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A few conlangs have language regulators or academies. Have any of these ever been faced with naturally occurring linguistic change and changed the official version of the language to match?

Please consider only grammatical, morphological, or syntactic changes, and not simply the inclusion of new words, as I expect that to be very common.

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    Wouldn't pretty much any spelling reform fall into that category? The issue with figuring out an answer though, is that "language regulators" are rather rarely concerned with issues of grammar, and even less so of syntax (The French Académie's dictionary was originally planned to be accompanied by a grammar, which never got anywhere) – Circeus Feb 7 '18 at 4:14
  • @Circeus To be honest spelling issues hadn't even occurred to me. If there was a natural phonological shift and the regulators were pressured into adopting it that would count I think. – curiousdannii Feb 7 '18 at 4:35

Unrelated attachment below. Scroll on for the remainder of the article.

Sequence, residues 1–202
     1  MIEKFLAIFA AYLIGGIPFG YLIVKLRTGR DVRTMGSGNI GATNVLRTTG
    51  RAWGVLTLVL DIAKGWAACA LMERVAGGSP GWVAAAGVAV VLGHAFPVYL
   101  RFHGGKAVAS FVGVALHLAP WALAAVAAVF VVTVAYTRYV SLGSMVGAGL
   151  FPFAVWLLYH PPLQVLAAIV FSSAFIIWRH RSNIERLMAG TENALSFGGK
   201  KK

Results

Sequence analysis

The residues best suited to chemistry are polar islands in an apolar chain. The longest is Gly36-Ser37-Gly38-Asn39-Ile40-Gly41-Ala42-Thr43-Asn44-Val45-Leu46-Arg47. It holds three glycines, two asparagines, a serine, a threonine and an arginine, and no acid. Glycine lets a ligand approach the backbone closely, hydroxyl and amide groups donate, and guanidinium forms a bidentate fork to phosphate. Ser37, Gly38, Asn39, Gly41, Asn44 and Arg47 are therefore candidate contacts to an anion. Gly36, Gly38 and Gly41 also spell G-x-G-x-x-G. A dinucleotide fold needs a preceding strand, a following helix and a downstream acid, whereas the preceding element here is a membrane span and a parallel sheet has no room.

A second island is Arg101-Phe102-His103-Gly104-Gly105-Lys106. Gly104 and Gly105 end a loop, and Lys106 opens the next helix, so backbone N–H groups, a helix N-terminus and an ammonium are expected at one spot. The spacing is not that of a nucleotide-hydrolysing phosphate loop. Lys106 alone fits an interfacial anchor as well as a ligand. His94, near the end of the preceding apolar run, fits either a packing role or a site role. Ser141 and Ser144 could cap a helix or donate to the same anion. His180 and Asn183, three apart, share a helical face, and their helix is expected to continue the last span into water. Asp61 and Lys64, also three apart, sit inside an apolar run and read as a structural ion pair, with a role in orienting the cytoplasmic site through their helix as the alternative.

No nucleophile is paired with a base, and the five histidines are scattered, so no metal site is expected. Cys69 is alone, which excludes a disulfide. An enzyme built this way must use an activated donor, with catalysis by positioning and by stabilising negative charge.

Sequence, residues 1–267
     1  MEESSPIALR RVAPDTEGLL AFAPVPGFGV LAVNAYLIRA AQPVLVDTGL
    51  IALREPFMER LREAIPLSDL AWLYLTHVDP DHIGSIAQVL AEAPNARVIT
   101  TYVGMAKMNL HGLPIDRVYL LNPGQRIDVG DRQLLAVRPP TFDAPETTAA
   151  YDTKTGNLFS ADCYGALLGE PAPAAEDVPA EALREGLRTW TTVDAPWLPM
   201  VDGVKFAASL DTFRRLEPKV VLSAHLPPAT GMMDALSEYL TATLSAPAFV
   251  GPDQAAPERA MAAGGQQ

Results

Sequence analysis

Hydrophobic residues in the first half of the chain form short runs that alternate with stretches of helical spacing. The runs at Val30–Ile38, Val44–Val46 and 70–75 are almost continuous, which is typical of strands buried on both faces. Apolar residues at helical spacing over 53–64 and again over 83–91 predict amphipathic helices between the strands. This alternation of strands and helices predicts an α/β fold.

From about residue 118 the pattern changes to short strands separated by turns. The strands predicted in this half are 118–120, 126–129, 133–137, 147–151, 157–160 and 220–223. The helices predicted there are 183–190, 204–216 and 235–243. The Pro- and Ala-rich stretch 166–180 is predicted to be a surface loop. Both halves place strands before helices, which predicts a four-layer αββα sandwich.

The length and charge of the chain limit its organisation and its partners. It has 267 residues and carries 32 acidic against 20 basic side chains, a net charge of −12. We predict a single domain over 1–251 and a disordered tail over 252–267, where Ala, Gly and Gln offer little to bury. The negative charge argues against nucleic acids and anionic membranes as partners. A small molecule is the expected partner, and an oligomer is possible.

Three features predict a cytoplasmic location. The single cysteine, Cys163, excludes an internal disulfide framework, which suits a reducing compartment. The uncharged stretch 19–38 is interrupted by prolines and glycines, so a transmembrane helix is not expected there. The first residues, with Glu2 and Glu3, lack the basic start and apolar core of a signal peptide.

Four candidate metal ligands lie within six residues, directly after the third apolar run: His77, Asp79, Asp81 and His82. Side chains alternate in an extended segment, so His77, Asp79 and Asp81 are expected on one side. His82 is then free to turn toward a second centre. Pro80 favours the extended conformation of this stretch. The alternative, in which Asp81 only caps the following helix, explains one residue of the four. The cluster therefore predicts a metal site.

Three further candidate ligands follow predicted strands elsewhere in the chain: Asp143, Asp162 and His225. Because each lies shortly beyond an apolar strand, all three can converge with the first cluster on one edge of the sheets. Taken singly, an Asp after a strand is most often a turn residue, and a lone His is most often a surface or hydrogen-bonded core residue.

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It would seem that Esperanto is one such that not only has done so, but actually has an Academy to guide and legitimize the process.

This article makes note of several, such as new ungendered pronouns (sli < si au li; ri = they s.) and the degendering of formerly masculine nouns (dentisto =/= male dentist).

I'm sure that these proposals are coming from the community of speakers themselves and are being agreed to by consensus before any kind of official blessing.

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  • One of the answers there says "As others have mentioned, the Academy of Esperanto is supposed to document changes in language usage, rather than initiate them." If that's true I'm not sure it really counts as the type of academy I'm asking about. But, then two sentences later is "In the rare cases where the Academy has tried to dictate how people should speak, the language community tends to ignore the Academy." so I guess it should count. – curiousdannii Feb 8 '18 at 1:32
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    Either way, fair enough! But then again, I guess the French are pretty good at ignoring their Academie as well! – elemtilas Feb 8 '18 at 3:21

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